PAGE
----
However, the devil is in the detail and this progress has, in a way, merely thrown up the next set of challenges. For example, now that the army has vacated the social space it used to occupy to the benefit of the police, the latter needs to step up to ensure public security. So does the country’s notoriously ineffective justice system. Yet, they are poorly governed, led, paid, trained and equipped. Reforming these organizations is also likely to command less political interest. For example, the 2009 ‘stadium massacre’ remains unresolved despite there being clear clues as to suspects and appropriate next steps. Finally, funds are becoming scarcer now that Guinea’s ‘success’ puts it at risk of seeing its PBF funding discontinued and donors in-country are few and not necessarily well-coordinated. Without further political and financial support the reform process may flounder, setting the scene for a slow erosion of what capacity has been created and increasing the potential for future violence.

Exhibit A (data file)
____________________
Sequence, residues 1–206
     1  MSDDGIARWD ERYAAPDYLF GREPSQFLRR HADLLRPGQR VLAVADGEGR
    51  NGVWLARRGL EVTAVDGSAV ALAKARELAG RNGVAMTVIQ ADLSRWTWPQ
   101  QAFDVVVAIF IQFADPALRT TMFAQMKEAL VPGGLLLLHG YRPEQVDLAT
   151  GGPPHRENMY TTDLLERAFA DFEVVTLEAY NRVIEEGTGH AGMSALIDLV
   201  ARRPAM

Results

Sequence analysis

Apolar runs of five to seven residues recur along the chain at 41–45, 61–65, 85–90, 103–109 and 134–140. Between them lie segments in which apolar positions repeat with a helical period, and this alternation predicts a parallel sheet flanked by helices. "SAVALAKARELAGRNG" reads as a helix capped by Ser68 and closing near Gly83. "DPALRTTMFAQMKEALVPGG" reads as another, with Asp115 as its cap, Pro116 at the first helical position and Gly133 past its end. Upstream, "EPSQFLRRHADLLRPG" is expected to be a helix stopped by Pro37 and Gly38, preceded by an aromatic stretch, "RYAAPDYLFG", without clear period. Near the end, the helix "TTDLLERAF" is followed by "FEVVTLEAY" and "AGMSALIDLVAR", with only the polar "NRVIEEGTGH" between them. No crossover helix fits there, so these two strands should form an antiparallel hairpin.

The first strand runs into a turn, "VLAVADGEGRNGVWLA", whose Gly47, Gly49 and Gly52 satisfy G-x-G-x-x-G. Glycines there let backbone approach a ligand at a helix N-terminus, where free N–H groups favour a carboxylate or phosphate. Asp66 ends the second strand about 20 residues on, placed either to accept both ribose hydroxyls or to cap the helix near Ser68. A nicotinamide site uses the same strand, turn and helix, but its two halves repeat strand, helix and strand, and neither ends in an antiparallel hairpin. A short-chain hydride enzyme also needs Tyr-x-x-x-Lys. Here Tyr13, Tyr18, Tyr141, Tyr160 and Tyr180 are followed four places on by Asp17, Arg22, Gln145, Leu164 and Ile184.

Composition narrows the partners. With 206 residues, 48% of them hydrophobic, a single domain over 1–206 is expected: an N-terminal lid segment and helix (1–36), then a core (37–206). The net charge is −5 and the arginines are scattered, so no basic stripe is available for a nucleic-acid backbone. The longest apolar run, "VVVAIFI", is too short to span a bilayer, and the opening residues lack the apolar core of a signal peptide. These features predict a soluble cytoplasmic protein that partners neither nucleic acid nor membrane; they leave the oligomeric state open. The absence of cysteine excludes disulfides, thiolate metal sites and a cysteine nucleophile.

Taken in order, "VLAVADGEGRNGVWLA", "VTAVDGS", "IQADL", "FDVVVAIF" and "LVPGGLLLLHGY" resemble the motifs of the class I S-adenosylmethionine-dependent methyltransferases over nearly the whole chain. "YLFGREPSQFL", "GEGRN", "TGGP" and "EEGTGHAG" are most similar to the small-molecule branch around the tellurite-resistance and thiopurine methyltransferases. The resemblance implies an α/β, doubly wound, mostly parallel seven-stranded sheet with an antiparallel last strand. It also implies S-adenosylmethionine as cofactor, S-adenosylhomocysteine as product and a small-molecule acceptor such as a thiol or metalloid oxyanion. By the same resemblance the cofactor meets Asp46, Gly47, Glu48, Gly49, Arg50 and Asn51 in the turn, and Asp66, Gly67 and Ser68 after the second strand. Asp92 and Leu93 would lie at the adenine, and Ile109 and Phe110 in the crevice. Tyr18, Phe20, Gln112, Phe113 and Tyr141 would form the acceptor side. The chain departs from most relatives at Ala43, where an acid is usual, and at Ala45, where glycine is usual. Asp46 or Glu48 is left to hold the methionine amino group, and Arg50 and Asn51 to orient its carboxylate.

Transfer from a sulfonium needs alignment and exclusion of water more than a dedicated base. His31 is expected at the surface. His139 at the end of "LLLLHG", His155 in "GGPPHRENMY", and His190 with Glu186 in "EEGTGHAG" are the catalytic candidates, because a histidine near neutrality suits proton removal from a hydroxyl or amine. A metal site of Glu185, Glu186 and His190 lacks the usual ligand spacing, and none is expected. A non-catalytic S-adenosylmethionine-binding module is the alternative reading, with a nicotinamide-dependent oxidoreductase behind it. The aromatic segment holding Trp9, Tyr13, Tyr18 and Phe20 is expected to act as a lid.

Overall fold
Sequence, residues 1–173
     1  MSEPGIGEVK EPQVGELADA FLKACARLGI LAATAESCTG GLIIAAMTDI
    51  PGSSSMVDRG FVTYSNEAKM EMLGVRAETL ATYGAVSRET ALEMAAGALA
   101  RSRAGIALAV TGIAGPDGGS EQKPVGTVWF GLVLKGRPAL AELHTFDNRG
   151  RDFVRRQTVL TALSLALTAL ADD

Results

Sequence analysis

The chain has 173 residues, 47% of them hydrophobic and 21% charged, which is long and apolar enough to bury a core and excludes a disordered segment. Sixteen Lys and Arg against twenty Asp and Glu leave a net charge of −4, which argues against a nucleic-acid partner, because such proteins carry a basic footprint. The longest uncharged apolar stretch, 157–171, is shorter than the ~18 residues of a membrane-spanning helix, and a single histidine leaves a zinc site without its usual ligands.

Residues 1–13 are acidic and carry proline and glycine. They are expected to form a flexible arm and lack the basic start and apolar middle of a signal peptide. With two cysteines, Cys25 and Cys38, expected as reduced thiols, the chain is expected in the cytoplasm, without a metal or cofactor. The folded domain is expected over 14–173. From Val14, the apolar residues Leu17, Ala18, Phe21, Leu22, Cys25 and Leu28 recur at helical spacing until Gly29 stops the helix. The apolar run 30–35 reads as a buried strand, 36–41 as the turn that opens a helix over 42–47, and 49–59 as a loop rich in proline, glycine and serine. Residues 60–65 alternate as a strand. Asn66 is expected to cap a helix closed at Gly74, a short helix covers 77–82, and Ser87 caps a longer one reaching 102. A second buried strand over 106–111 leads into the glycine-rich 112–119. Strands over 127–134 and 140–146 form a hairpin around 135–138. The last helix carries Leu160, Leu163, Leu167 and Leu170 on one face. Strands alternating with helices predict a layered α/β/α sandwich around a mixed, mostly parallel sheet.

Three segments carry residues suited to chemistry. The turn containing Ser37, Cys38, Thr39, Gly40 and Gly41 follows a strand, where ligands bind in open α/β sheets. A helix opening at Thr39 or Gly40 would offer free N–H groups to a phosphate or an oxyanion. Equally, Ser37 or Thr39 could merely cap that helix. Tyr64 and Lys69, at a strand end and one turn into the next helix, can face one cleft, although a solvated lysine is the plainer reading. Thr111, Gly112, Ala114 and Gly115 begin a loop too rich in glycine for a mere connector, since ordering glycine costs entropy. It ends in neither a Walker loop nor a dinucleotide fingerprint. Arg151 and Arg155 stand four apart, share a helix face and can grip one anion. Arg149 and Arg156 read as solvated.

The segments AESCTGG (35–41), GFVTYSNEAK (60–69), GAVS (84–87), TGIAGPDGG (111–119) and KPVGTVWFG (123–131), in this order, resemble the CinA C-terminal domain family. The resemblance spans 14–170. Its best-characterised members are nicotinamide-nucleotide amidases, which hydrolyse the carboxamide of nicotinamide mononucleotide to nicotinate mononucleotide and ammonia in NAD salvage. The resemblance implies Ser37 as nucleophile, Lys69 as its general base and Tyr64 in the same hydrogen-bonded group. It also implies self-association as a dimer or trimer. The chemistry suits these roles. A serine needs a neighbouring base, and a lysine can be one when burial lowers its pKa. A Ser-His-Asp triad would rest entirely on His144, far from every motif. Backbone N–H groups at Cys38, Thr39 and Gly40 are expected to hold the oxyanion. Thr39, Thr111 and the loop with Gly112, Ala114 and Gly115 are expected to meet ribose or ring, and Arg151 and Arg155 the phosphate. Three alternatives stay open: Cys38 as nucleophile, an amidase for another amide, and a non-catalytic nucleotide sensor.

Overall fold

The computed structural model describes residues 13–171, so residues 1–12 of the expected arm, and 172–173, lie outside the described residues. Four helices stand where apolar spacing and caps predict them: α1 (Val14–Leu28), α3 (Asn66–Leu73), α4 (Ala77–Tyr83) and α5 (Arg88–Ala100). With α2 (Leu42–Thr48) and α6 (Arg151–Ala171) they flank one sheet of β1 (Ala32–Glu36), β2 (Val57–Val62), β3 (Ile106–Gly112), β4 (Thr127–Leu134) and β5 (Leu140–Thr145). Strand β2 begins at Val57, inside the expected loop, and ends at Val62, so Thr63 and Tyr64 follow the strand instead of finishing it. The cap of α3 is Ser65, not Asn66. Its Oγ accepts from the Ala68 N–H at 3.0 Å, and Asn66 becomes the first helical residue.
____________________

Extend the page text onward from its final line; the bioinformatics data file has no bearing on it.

Hence, paradoxically, if next steps cannot be taken, the success of the stabilization intervention may increase instability. A lack of prospects, basic services and poor governance continue to ensure that small incidents can spontaneously escalate and quickly lead to widespread violence. For example, a two-month long span of blackouts in some of the poorer suburbs of Conakry resulted in massive demonstrations leading to at least one death and several injured on 18 February. Police performance was poor. Such incidents are frequent.

In other words, given its help in achieving initial successes, can the international community now demonstrate it has staying power in accompanying the next step of the security sector reform process? Time will tell and yet the challenge is real.

Useful links

OECD work on Guinea

OECD work on peacebuilding, statebuilding and security